The History of the European Migration Regime
Germany's Strategic Hegemony

New York: Routledge, 2018 (Routledge Studies in Modern European History)


The History of the European Migration Regime is a groundbreaking historical account of how the migration regime in Europe evolved after World War II. The book argues that the open migration regime in Western Europe was a product of German geopolitical and geo-economic strategies during the Cold War. Using national and international archives, the author traces the evolution of European migration policies from the cumbersome administrative practices of the late 1940s to the free movement of people within the European Community, the creation of European citizenship, and the internal and external dimensions of the Schengen agreements. The book demonstrates how these instruments created a regional migration regime with an unparalleled degree of intraregional openness, while simultaneously restricting immigration from outside Europe. The author shows that Germany’s disproportionate absorption of migrants and transfers of social security benefits abroad were crucial factors shaping the openness of the European migration regime. The book argues that the liberal migration regime in Western Europe supported German economic expansion and contributed to the integration of Europe. The History of the European Migration Regime is an essential read for anyone interested in understanding the historical forces that shaped the migration regime in Europe, and the role of Germany in creating and sustaining that regime. This meticulously researched book challenges conventional wisdom and offers a fresh perspective on one of the most important aspects of European integration.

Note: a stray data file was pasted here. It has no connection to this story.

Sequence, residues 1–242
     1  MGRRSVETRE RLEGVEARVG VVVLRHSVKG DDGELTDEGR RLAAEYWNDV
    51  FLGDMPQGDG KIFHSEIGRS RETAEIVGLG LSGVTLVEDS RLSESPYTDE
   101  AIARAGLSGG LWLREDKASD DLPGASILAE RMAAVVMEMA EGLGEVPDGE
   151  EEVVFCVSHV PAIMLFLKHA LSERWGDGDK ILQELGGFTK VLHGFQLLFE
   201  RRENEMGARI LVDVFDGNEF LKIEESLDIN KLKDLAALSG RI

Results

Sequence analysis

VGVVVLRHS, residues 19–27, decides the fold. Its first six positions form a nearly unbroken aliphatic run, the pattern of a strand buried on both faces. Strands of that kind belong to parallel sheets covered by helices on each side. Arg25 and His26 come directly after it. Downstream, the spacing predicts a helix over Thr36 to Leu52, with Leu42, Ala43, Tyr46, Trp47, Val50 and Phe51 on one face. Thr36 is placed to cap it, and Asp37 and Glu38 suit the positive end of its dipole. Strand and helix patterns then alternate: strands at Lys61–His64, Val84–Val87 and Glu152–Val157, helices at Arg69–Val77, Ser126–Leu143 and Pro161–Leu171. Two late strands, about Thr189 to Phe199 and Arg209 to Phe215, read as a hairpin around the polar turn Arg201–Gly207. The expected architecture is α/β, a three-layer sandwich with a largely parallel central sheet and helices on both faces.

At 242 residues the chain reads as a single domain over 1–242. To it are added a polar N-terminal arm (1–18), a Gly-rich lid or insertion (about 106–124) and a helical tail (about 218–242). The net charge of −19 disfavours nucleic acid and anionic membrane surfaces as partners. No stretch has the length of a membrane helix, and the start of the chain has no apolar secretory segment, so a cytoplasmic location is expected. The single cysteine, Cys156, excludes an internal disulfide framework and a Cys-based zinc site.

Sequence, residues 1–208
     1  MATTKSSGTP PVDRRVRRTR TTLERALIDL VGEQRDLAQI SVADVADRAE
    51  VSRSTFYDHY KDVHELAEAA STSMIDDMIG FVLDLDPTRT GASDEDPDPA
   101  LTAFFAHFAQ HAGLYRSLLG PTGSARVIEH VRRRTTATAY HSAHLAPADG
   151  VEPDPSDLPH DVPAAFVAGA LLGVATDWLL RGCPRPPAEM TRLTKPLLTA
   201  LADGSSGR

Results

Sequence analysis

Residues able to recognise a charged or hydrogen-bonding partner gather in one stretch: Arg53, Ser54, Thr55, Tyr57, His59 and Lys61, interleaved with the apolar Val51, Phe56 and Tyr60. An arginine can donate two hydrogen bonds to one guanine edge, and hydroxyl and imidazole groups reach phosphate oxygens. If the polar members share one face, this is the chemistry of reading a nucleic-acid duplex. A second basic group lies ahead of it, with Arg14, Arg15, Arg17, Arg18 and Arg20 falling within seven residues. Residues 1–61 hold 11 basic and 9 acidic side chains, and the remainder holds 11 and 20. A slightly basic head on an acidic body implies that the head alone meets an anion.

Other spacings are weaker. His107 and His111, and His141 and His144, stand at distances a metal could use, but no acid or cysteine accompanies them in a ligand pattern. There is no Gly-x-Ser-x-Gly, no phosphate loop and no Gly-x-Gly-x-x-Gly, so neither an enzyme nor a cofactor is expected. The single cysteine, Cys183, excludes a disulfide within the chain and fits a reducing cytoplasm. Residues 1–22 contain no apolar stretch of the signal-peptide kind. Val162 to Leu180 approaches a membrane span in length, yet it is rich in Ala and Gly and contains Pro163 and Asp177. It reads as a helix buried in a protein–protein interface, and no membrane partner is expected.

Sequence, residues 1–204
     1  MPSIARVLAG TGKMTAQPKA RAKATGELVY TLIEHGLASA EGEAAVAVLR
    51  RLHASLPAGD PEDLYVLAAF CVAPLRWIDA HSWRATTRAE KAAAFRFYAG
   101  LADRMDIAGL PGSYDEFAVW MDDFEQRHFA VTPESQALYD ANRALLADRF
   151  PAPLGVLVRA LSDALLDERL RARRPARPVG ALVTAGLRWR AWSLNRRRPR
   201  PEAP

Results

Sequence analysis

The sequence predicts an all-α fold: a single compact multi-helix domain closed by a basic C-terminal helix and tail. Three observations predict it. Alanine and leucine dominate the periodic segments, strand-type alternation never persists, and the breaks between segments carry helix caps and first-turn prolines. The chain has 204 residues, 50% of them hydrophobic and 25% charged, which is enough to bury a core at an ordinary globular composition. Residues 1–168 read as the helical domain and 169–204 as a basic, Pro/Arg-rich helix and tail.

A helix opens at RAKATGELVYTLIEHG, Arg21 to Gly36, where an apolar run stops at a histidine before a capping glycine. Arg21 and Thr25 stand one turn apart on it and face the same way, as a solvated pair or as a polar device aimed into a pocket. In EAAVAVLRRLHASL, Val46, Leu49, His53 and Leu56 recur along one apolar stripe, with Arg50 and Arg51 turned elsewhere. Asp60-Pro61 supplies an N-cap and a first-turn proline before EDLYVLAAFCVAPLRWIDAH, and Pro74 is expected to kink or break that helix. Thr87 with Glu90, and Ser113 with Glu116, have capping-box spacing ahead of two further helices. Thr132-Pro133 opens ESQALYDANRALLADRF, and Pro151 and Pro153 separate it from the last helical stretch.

Comte’s book “is a systematic and thorough account of the emergence of a unique free migration space within Europe. He shows how Germany (and not Italy as many other scholars have claimed) played a deciding role in forging the gradual freedom of labour migration within the European Community (and finally the EU), stressing that this was far from a linear process with a clear plan in mind.”Leo Lucassen, International Institute of Social History, International Review of Social History

“In this illuminating and timely book, … Emmanuel Comte details the nearly half-century history of how Europe’s regime of internal open borders came into existence. … This book is a significant achievement. It adds a much-needed “European” dimension to a historiography that has mostly told national stories.” – Christopher A. Molnar, University of Michigan–Flint, American Historical Review

Comte’s “book (is) an easy-to-read text fit for a wide audience of both academic scholars and policymakers interested in how and to what extent the current European migration regime was shaped by German influence and which other underlying national interests it came to represent over time.” – Maria Chiara Vinciguerra, University of Cambridge, International Migration Review

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